Boat owners are aware of the need to carry regulation safety gear on their vessels. Authorities have strict regulations as to what is required when going cruising. So, what do the powers-that-be want?
In Queensland, where I live: an emergency positioning indicating radio beacon when operating more than two nautical miles from land, plus a signalling device, V-sheet and PFDs for each crewmember. Many boats carry liferafts plus there are some multihull owners who are so convinced that at some stage their catamaran will flip they attach ropes underneath the wing deck. But is all this enough? Do these precautions ensure our survival in the event
of an unfortunate accident?
I clearly remember an incident in 1983 when a trawler sank off Lodestone Reef near Townsville. Ray Boundy was the skipper and I can still see him on the television news, alone in the ocean except for a killer shark. But guess what piece of equipment saved Ray’s life. Was it a regulation Australian Standards approved life vest? No! Was it a liferaft? No!
It was part of an Esky lid.
We watched, our hearts in our mouths, while the news chopper hovered overhead and Ray kicked for his life as he clung to that piece of foam. I breathed a sigh of relief when he made it across the reef just ahead of the five metre tiger shark that had, over preceding days, toyed with and killed his two crew members; then stalked him since.
So I started to think, have there been any other incidents where lives have been saved by this ubiquitious piece of equipment? These days, it is relatively easy to research just about anything so I began checking old newspaper reports on the internet. I immediately found a few incidents where boats have sunk and lives have been saved, not by regulatory sanctioned equipment, but by Eskys or parts thereof.
In January 2009, two Burmese fishermen were found inside a large esky which they say had drifted around for nearly a month, before being sighted by a Coastwatch aircraft in the Torres Strait. The 20 year olds had been on a twelve metre fishing boat with 18 other persons when it sank in rough seas. According to the men the rest of the crew had been in the sea but had no lifejackets. Seas at the time were reportedly treacherous and authorities did not believe the rest of the crew could have survived that length of time without safety gear.
Almost a year before that incident, in February 2008, John Jarratt survived 30 hours in shark-infested waters by clinging to an Esky after his trawler sank. He was found by a rescue helicopter five miles off Lennox Heads. It is believed it only took two minutes for his vessel to sink when its nets were snagged on a reef. His workmate swam for twelve hours to the coast to raise the alarm. Mr. Jarratt said how he was determined to live and kicked and paddled while he clung to the Esky.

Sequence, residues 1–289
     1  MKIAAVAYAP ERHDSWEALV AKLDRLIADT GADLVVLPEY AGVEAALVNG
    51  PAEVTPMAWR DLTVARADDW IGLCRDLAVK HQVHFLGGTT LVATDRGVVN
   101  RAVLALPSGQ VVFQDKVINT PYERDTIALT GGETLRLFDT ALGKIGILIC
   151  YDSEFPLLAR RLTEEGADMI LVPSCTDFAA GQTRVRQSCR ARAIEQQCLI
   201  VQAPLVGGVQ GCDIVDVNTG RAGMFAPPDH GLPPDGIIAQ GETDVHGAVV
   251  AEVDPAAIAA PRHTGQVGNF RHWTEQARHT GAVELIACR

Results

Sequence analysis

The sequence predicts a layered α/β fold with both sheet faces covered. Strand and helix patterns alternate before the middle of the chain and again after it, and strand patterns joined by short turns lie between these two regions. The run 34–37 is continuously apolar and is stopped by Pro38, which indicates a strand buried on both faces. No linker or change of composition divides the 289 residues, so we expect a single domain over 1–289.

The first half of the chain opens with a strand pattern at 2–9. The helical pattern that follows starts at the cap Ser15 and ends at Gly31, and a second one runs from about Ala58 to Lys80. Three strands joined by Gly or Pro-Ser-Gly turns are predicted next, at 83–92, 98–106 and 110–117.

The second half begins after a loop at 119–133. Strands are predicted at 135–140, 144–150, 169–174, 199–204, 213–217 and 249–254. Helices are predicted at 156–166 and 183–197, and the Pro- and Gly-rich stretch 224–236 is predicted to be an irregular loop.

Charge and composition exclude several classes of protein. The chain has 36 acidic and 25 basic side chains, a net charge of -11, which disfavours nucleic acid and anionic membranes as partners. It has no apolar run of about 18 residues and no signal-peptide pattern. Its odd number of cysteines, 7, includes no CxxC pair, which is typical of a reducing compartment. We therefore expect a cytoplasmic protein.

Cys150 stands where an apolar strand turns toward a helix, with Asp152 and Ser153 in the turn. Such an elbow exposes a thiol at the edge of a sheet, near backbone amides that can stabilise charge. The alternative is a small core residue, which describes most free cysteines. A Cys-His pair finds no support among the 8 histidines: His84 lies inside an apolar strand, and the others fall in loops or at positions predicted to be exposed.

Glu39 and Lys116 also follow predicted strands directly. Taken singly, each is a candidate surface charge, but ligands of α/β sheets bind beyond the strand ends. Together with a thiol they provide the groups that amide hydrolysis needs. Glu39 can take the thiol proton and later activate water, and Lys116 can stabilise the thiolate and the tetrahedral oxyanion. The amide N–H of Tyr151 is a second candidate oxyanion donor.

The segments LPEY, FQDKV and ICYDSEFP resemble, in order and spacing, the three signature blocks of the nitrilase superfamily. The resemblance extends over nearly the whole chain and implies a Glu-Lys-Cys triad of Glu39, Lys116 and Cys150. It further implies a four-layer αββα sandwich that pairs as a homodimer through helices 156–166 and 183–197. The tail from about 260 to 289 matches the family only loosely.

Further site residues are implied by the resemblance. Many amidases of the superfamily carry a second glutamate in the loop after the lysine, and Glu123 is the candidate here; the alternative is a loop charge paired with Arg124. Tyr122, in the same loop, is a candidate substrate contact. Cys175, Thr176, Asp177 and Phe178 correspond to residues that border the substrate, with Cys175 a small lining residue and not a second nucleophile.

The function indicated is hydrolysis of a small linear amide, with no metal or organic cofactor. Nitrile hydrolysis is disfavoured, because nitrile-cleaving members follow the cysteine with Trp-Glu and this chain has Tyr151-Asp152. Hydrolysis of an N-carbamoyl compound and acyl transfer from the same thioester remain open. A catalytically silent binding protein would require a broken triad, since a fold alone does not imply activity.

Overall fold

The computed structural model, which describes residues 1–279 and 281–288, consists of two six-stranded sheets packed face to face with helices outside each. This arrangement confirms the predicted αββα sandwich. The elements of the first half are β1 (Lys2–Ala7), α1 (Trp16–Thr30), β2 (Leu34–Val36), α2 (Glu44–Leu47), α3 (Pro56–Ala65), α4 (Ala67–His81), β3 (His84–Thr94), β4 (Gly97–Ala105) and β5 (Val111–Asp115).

The Courier Mail reported on November 6, 2007 that three Townsville fishermen survived twelve hours floating at sea by turning their Esky lid into a makeshift sail after their boat sank. The owner said, “for the last 30 years that I’ve gone out to sea I’ve always had a big Esky in the boat. My thought has always been ‘if anything goes wrong there will be the box to hold onto’ and on Saturday night it happened.”
On April 9, 2000 the Sunday Mail’s story headlined ‘Survivors! Amazing escape as two cling to Esky!’ They drifted in shark and crocodile-infested waters for twelve hours before staggering on to a reef 20 kilometres away near Eagle Island later that day.
Another one was undated but happened in South Australia. Headlines read ‘Diver saved by Esky lid in 15-hour swim for life’. A 44 year old Port Lincoln abalone fisherman swam for his life when his 7m boat capsized in heavy seas. He and his 47 year old deckhand clung to the upturned hull for several hours. The deckhand was terrified of sharks so the owner swam for help. He headed off in a wetsuit, fins and an Esky lid for extra flotation. He swam for 15 hours through shark-infested waters.
So, when we are fitting out our boats with safety gear, along with the regulation life jackets, EPIRB, flares, V-sheet etc., maybe we should include what could well be the most important piece of life saving equipment: the ever popular Esky.
But, another dilemma. What size? Should we choose depending on the numbers and weight of our crew? What about families?
That leaves me with one more question: how can the Australian Government develop a standard for the Esky and police it?
Imagine being pulled over by the command: “Border Force, Esky patrol!” ≈